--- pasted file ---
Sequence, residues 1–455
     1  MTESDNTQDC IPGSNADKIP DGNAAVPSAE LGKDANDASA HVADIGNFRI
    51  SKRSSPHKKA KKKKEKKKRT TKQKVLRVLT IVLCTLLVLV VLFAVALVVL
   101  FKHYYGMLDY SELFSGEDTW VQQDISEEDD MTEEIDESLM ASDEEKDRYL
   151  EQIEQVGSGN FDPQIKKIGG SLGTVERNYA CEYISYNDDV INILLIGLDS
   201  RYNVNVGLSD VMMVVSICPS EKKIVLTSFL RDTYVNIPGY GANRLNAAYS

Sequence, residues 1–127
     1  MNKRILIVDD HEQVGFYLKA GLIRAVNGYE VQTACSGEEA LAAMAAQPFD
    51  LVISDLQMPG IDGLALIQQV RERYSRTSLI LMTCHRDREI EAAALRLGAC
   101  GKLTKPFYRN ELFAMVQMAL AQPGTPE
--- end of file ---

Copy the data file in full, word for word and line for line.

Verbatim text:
Sequence, residues 1–455
     1  MTESDNTQDC IPGSNADKIP DGNAAVPSAE LGKDANDASA HVADIGNFRI
    51  SKRSSPHKKA KKKKEKKKRT TKQKVLRVLT IVLCTLLVLV VLFAVALVVL
   101  FKHYYGMLDY SELFSGEDTW VQQDISEEDD MTEEIDESLM ASDEEKDRYL
   151  EQIEQVGSGN FDPQIKKIGG SLGTVERNYA CEYISYNDDV INILLIGLDS
   201  RYNVNVGLSD VMMVVSICPS EKKIVLTSFL RDTYVNIPGY GANRLNAAYS

Sequence, residues 1–127
     1  MNKRILIVDD HEQVGFYLKA GLIRAVNGYE VQTACSGEEA LAAMAAQPFD
    51  LVISDLQMPG IDGLALIQQV RERYSRTSLI LMTCHRDREI EAAALRLGAC
   101  GKLTKPFYRN ELFAMVQMAL AQPGTPE